Shortly after Roe v. Wade

Weeks after the Supreme Court released its decision in Roe v. Wade, Congress enacted the first of the federal laws aimed at protecting conscience in light of this newly minted “right” to abortion. The Church Amendment, named for its sponsor, Idaho’s longtime Democratic Senator Frank Church, ensured that Catholic hospitals could continue to provide health care to millions of Medicaid patients without being forced to also perform abortions.

That provision passed 372-1 in the House and 92-1 in the Senate. Noted right-winger Sen. Ted Kennedy spoke in favor of the law on the floor of the Senate, calling it necessary “to give full protection to the religious freedom of physicians and others.”

A Democrat-controlled Congress added additional “so-called conscience protections” to the Church Amendment for these individual medical professionals and in federally funded programs over the next few years. The idea that these laws were controversial would have been a surprise to the bipartisan coalitions in Congress voting for them.

In 1992, Nadine Strossen, president of the American Civil Liberties Union, testified in favor of the Religious Freedom Restoration Act (yep, you read that correctly), saying RFRA would protect “such familiar practices as . . . permitting religiously sponsored hospitals to decline to provide abortion or contraception services.” The ACLU didn’t think conscience was either “so-called” or “controversial” in 1992.

In 1996, a bipartisan Congress again defended conscience rights, enacting the Coats-Snowe Amendment to the Public Health Services Act with President Bill Clinton’s signature. This law prohibits the federal government and any state or local government receiving federal funds (i.e., all of them) from discriminating against physicians or health-training programs or their participants on the basis that they don’t provide or undergo abortion training or perform or refer for abortions.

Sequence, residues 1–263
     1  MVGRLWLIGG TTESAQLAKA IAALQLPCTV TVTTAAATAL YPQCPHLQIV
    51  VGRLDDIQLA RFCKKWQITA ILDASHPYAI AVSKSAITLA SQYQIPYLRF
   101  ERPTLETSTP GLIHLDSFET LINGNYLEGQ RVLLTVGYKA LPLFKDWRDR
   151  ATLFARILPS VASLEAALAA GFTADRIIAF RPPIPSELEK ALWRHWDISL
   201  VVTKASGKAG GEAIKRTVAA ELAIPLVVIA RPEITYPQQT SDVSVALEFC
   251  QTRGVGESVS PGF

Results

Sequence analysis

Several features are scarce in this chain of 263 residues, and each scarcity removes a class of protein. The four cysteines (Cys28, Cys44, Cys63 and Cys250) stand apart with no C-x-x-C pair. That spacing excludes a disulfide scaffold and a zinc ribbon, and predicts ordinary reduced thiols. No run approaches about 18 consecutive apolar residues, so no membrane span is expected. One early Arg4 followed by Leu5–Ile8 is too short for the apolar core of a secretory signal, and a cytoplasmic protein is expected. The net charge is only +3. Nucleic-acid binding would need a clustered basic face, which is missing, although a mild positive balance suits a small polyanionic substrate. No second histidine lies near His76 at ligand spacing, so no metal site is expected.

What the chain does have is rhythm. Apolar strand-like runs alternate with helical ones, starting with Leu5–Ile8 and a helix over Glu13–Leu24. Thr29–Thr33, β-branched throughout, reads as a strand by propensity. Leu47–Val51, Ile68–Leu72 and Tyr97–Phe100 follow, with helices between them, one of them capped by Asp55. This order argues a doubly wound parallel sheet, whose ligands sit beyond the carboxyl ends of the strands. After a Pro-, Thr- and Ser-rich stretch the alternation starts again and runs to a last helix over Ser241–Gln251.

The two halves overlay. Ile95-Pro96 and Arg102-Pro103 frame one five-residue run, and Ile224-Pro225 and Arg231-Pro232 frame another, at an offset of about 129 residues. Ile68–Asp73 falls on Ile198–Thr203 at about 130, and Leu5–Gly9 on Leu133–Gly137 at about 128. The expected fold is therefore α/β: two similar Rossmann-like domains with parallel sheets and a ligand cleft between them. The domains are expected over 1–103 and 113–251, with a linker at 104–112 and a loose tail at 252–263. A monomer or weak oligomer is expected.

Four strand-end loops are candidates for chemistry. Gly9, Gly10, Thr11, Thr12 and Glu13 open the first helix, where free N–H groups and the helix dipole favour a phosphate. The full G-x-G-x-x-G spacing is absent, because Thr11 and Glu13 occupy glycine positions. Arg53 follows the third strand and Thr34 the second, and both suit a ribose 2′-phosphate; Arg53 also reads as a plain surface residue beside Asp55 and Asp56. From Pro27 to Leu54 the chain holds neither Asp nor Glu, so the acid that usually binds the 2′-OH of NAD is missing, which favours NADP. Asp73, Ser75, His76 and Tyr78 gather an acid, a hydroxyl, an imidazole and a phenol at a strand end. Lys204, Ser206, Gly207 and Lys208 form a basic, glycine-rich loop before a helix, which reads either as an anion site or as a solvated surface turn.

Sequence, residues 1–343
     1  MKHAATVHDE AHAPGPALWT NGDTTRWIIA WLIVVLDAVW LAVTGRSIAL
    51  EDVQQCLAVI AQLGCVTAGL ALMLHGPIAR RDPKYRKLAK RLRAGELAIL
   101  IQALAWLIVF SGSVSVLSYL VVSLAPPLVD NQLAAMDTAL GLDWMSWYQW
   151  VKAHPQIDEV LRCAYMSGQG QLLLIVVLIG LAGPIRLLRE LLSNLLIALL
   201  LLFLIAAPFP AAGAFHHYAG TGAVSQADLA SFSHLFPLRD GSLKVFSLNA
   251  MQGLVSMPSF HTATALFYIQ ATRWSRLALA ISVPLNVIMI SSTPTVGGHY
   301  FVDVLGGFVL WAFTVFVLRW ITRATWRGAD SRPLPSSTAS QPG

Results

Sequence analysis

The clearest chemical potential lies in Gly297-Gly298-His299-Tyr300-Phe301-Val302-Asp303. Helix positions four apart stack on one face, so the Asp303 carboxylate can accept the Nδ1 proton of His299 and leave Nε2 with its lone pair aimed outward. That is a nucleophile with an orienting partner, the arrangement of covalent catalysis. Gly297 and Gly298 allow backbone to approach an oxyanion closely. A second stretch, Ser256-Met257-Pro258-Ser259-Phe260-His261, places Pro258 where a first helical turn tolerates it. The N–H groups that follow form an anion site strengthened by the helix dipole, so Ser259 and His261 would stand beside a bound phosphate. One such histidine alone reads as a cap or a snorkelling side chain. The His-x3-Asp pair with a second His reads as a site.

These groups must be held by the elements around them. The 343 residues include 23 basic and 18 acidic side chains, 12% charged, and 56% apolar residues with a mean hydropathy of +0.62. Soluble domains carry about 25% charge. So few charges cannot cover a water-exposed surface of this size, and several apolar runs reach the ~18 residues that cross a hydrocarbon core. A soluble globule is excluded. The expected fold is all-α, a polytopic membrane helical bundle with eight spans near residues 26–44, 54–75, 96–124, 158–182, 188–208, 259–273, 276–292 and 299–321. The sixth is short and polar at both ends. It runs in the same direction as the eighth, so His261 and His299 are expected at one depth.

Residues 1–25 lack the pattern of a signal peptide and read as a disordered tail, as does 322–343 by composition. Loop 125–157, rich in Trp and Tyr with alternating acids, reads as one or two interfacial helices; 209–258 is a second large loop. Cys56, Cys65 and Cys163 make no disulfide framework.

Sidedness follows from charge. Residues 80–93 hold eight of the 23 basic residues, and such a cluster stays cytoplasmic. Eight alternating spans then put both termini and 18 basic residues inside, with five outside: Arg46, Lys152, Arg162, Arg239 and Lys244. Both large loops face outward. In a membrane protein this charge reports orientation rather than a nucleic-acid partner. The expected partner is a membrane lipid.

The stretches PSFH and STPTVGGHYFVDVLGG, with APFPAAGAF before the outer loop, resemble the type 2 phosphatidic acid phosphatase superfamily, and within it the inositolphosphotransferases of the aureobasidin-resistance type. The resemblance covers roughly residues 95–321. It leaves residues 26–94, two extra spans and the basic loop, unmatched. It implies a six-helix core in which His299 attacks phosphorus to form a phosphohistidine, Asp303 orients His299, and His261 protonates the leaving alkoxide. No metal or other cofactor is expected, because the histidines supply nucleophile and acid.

Forty-seven states have enacted laws protecting medical professionals from being discriminated against because of their objection to participating in abortion, most of those becoming law in the years immediately following Roe.

But everything above is just icing on the cake. Politico could have confirmed its narrative was false just by reading Roe. Addressing the concern that this new right to an abortion might result in attempts to force medical professionals to perform them, the Supreme Court explained this wouldn’t happen because the American Medical Association’s House of Delegates had already broadly defended the exercise of religious and moral conscience in the abortion context, quoting it in Roe: